Guanajuato: A Colonial Jewel On A Silver Platter


The city clings to the steep sides of a V-shaped canyon in the Central Highlands of Mexico. And other than a narrow strip in the bottom of the canyon, the only way to go is up.

Put on your comfy shoes, because the steep hillsides mean that much of the town can only be reached on foot. It isn’t the most convenient of locations, but that can be explained in one word: silver. The city is Guanajuato, and even though the silver, and the silver barons, are long gone, its narrow streets, alleys, and small, picturesque plazas still make it a delightful destination.


Miners set up camp here around 1540, and the 1558 discovery of a large silver vein officially put Guanajuato (pronounced wah-nah-WHAH-toh) on the map. Although there was a bit of gold, the mines produced astronomical amounts of silver, making it the true “Mother Lode.” Estimates vary, but some experts say that from the 16-18th Centuries, Guanajuato’s mines produced a third of all the silver in the world. This silver filled the coffers of the Spanish king, and made the mine-owning families fabulously wealthy. And thanks to the silver barons’ wealth and largesse, attractive colonial mansions and elaborate churches still dominate the center.


But not all of Guanajuato’s charms are stately and grandiose. Thanks to its UNESCO World Heritage status, most buildings in the historic center have been maintained as they were built, and the city’s Spanish colonial feel shines through.


The city has a relaxed small-town feel, and a large part of the center has been pedestrianized. With intimate pocket-parks around every corner there are plenty of spots to unwind and people-watch.


City residents and tourists alike venture out in the cool night to the Jardin de la Unión to visit one of the upscale restaurants, hang out with friends, listen to buskers, or just relax on a bench.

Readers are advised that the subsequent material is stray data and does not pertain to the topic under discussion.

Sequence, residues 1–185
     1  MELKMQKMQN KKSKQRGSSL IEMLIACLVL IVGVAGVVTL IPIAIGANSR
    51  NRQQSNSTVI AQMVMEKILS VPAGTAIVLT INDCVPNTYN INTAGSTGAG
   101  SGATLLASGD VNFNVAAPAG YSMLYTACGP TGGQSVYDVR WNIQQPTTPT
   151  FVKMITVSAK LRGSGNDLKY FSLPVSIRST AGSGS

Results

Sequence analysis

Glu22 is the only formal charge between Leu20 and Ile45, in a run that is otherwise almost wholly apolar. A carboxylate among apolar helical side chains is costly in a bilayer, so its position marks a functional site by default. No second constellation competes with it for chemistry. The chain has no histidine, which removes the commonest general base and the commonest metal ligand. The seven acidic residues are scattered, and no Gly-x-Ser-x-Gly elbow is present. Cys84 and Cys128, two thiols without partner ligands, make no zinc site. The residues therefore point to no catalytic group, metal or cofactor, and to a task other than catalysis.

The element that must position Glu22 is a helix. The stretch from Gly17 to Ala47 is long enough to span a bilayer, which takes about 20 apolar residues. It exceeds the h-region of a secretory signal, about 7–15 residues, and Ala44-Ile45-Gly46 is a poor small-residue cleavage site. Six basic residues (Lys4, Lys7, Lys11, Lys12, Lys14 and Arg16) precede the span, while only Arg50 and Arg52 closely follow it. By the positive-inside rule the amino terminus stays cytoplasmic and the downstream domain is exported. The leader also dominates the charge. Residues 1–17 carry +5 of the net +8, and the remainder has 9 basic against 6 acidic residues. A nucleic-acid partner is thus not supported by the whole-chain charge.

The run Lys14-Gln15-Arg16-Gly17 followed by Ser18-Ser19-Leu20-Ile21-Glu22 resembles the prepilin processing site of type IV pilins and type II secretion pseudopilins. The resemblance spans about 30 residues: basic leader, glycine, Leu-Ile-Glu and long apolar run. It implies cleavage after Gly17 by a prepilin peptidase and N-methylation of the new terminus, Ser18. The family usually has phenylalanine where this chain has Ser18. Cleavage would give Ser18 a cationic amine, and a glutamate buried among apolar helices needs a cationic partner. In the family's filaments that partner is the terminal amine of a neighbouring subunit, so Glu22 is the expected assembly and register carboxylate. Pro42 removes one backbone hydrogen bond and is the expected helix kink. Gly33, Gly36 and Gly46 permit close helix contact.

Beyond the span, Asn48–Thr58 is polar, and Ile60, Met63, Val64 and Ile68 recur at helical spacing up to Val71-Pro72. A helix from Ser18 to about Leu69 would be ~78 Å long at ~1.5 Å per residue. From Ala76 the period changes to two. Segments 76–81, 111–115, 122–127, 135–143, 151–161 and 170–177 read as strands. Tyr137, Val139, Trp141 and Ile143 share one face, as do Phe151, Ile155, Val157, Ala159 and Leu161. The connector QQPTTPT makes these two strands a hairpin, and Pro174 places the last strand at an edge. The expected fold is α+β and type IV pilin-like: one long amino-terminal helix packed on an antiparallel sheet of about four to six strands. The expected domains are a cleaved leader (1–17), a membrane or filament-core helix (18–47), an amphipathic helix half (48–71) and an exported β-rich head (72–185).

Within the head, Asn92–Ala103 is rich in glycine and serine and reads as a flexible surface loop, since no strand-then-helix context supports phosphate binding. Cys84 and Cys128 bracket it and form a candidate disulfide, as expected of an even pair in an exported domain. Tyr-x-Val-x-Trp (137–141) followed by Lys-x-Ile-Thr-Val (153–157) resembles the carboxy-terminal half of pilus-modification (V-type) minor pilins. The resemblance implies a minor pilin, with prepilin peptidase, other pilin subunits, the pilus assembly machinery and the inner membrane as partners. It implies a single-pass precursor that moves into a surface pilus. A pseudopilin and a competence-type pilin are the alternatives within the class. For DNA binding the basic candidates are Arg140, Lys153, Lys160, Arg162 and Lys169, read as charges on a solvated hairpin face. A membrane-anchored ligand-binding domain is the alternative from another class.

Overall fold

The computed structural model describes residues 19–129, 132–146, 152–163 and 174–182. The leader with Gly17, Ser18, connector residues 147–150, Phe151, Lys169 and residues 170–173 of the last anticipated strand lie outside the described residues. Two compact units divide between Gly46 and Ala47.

Guanajuato is also known for its callejónes (alleys). The only way to access many of the hillside houses is by trudging up these steep and colorful alleys.


One of these, the legendary Callejón de Beso (Alley of the Kiss) has houses separated by mere inches. The legend says that a couple of young lovers lived opposite each other, but because she was nobility and he was a common laborer the relationship was not to be. Inevitably the relationship was discovered, and the couple met a tragic end.


Guanajuato is a vibrant Spanish Colonial jewel, and its calm, casual feel make it the perfect off-the-path destination for afternoon rambles followed by a siesta on a shaded bench. If you’re in the highlands, don’t miss it.

Happy Trails,
James & Terri

Last updated January 5, 2020


We're Terri and James Vance - high school sweethearts who went on to international careers and became world nomads. Today, 65 countries later, we're still traveling ... and still in love. Check out Our Story for more of the backstory at

59 thoughts

    1. I think that you’d enjoy Mexico Andrew. Other than the beaches, it’s a part of the world that most Europeans probably don’t think much about. But it has lots to offer, and it’s a very easy place to visit. ~James

      1. For Brits Mexico generally means the coast which doesn’t interest us. As in Spain we would prefer to go inland so with your posts as inspiration I will do some research – thanks!

    1. Sue, after this trip, I think that I’ll probably go into color withdrawal. Guanajuato isn’t quite as colorful as San Miguel, but it’s right up there. The colorful buildings and its mountain location, make it a very photogenic place. ~James

      1. Compared to here where we are expecting more snow I almost had to put on my sunglasses! Do you have another week or so away? Enjoy!

  1. With all the colors, it looks like quite a happy place. I’m glad you are enjoying your trip! I wouldn’t want to have to haul my groceries to the top of those hills though.

    1. The hills are something else Laura, but most people here (except maybe us) seem to take them in stride (bad pun, I know). After spending this much time at altitude, when we get back to SSI, we’ll just float right off the pavement. ~James

  2. Your stories and photos remind me how much more there is to Mexico than what we experienced in Morelos State and around Mexico City. I hope people who see your stories and know little about Mexico will see how warm and welcoming the people are, a story that does not get told in the media. My enduring impression of Mexico is how much the people want to be appreciated. They are aware that they are not always well thought of north of the border and they go out of their way to make up for that. Unlike Spain, where people ignore you on the sidewalks, in Mexico people – complete strangers – almost always acknowledged others with a ‘Buenos Dias’ greeting. I kind of miss that. – Mike